If the NHS's cheerleaders and detractors can agree on one thing, it's this: we need fewer backroom staff. If the health service's doctors, nurses and cleaners are heroes, the pen-pushers, middle-men and legions of drab men in drab suits are sucking the vital lifeblood out of the NHS, while droning on about synergies in management. All this while claiming a salary that could have paid for another two nurses.
This debate has re-emerged after it was reported that almost half of all NHS staff are managers, administrators or unqualified assistants. Helen Whately, the care minister, spoke for many when she said she feels 'strongly that the money we put into the NHS needs to go to frontline'. But she's wrong: if there is one thing that would help make the NHS better, it's more bureaucrats.
In fact, the health service needs far more back office staff. So do our police forces, and other vital public services. If you suggested to a supermarket that in order to improve service it let go of its logistics specialists in favour of more floor workers, you would get exceptionally short shrift once the laughing stopped. And you certainly wouldn’t blame the empty shelves on the staff in the store.
With policing and healthcare, there’s no good visual shorthand showing you that something’s gone wrong up the chain of production. All there is to see is a crowded waiting room, and clinical staff rushed off their feet. Assuming the issue is a shortage of frontline workers is a natural logical step. In reality, the problem is more often one of management.
The point that ‘fund the frontline’ misses is that the number of frontline staff hired isn’t the number of frontline workers available; if your police officers or doctors are spending four or five hours of their day managing the burden of administration, they aren’t available to respond to a burglary or treat a new patient.
A lack of administrative staff means that police officers who should be out on the beat find themselves putting together files for the CPS, or entering reports onto parallel computer systems that still aren’t integrated. Meanwhile, doctors find themselves spending hours of their day phoning to chase results, copying drug charts word for word, printing blood stickers, or handling the administration involved with following up on discharged patients.
The burden of this lack of administrative firepower doesn’t just end up with doctors, but with patients who end up having to coordinate their own treatments; making sure doctors have the results of their scans, booking follow-ups, and generally taking on responsibilities that by definition they may not be capable of meeting.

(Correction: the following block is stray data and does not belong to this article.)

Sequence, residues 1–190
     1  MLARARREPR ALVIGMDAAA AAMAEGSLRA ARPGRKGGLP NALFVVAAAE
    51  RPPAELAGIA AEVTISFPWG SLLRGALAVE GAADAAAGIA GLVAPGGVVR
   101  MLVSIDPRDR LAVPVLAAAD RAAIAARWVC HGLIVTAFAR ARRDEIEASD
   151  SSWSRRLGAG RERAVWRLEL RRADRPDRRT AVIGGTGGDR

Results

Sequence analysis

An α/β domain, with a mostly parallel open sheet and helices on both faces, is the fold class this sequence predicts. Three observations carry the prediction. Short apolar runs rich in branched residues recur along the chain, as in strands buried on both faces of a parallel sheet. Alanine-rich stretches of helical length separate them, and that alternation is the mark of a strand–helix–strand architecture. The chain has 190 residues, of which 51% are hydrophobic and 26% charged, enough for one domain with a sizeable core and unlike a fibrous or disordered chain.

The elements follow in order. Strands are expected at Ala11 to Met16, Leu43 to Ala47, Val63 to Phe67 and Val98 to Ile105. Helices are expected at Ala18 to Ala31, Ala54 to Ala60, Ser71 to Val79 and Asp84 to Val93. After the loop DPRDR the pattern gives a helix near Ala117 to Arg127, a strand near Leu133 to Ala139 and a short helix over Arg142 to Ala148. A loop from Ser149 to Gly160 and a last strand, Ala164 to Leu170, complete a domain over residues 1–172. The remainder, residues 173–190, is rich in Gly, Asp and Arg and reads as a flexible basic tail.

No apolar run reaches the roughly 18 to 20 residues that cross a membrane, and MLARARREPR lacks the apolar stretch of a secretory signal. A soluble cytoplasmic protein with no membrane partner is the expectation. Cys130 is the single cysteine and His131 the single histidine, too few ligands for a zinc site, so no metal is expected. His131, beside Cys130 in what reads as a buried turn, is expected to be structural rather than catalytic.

The fix for this isn’t reducing paperwork. We need this administrative work to be done so that we can track outcomes, make sure people are given the right drugs, get the right treatment, get moved from department from department, or are given a fair trial. We just don’t need it to be done by frontline workers.
The confusion arises because people equate frontline staff with services, when frontline workers are just one part of the production process for these things. Being treated in a hospital isn’t just a matter of getting to see a doctor or a nurse, it’s a function of everything that goes into that; your medical records being up to date and available, different departments handling your treatment and the results of your scans over to one-another, bloodwork being correctly labelled, medicine being ordered and administered, and the machine generally ticking along as best it can.
When frontline availability is low because frontline staff spend their time on administration, hiring more doctors so that they can do their own paperwork is clearly an insane use of resources when you could hire specialist administrators at vastly lower cost. Doing so would free up time across the organisation, improve working conditions, and often fix gaps in management that arise when people are left to improvise for themselves.
But an obsessive focus on frontline services and staff ratios makes it hard for politicians to put in place the support staff doctors and police officers actually need to do their jobs. Pointing out that non-frontline staff effectively work for frontline staff – taking busy work and drudgery off their hands to allow them to focus on patients – seems to fall on deaf ears.
When the problem is a lack of administrative support, hiring more doctors or police officers won’t fix it. In fact, it might make it worse. If an organisation builds frontline capacity without the right support in place, things start to slip through the cracks. You wouldn’t open a supermarket without making sure supply chain capacity was in place; why would you hire more doctors without making sure they had the support they need to do their work?